High Quality Fan Flick Leads To $8 Million Hybrid Fan/Investor Funded Pro Film
from the these-things-evolve dept
Four years ago, we wrote about the amazing quality of Star Wreck, a fan-created Star Trek spoof that was created on effectively no budget, for fun, but which had stunningly good special effects (especially for no budget). We pointed this out not to say the future of film was such fan labors of love, but to note that the claims that professional movies needed $200 million budgets to create amazing special effects was a myth. However, we’ve had a few Hollywood insiders use this particular story time and time again to falsely suggest that we claimed that Star Wreck represented the future of the movie business.
But, what’s interesting is what’s happened since Star Wreck. As we noted last year the filmmakers behind Star Wreck have been busy at work on their latest project, called Iron Sky, and they were experimenting with a sort of hybrid funding model that included a fair amount of fan support, whereby fans could buy “War Bonds” to crowdfund a portion of the movie.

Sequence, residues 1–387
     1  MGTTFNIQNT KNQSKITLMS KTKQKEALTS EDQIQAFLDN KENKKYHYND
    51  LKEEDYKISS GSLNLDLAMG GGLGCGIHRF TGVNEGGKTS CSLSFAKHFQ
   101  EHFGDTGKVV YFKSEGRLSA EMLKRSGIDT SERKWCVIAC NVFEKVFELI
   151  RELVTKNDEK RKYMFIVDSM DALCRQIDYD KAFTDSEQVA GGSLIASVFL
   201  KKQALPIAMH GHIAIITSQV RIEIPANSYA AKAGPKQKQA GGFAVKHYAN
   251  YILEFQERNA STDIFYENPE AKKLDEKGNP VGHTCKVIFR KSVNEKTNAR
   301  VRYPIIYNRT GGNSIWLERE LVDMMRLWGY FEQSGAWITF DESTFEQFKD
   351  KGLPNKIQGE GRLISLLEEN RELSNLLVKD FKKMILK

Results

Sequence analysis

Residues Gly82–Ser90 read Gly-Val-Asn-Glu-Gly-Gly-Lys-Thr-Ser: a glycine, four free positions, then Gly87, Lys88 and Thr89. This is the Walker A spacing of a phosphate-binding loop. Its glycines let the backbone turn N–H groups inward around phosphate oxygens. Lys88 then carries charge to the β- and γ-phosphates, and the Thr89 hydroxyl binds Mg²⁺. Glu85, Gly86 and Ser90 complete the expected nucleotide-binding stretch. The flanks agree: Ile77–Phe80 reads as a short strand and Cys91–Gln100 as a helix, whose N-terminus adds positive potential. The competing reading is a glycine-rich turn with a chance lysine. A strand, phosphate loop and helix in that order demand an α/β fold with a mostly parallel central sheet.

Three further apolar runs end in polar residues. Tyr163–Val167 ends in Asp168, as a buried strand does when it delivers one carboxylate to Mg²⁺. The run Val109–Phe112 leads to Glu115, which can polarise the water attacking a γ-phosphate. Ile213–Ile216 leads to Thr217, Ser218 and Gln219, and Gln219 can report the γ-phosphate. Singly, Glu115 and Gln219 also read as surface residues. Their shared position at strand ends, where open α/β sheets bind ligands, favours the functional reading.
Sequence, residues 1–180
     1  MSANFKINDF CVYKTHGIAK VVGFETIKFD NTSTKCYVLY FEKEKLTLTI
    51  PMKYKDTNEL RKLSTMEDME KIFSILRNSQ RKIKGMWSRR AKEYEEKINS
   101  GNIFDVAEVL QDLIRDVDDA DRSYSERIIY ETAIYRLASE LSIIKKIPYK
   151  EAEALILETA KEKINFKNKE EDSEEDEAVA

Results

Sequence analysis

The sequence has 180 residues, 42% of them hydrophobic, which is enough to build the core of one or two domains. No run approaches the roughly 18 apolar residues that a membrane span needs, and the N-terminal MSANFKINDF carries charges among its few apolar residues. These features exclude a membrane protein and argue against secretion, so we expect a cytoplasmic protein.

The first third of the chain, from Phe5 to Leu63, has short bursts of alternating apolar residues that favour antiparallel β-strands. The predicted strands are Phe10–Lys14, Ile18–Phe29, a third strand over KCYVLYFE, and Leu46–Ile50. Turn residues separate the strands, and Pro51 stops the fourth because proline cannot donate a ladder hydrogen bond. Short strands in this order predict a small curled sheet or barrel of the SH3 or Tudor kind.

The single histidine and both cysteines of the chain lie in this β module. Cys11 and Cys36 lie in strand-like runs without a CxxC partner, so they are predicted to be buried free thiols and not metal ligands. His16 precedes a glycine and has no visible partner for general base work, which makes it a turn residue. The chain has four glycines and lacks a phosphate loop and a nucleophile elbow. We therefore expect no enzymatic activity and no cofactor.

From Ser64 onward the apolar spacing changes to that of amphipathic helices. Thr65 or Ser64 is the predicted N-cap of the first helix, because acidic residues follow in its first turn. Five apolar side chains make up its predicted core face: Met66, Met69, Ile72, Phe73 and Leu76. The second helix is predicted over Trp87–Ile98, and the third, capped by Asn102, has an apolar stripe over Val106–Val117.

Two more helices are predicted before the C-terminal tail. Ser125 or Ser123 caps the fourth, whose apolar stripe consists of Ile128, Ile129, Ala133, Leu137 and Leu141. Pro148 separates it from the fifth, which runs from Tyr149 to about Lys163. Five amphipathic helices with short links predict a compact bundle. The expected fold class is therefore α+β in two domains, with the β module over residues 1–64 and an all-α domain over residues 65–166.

Wired is now reporting that the film has raised 90% of its $8.5 million budget, and they’re close enough that plans are moving forward to get the movie production underway. Again, this particular effort was a hybrid. Part of the money is fan funded and part of it involves traditional movie investors.
But what’s most interesting to me is how this story progressed. It went from some fans messing around and creating a rather impressive film visually speaking, to a new $8.5 million production. $8.5M is still a small amount from a movie-making perspective, but it’s not nothing. Plenty of excellent indie films have been made for a lot less. And, of course, you never know what happens next, after this film is made as well. And that was really the point. It was never that the model that created Star Wreck was the answer, but that the overall ecosystem is evolving, and its evolving to a world where the fans and the community really area a part of things, rather than looked at as evil people who just want stuff for free. Embracing your community leads to wonderful possibilities.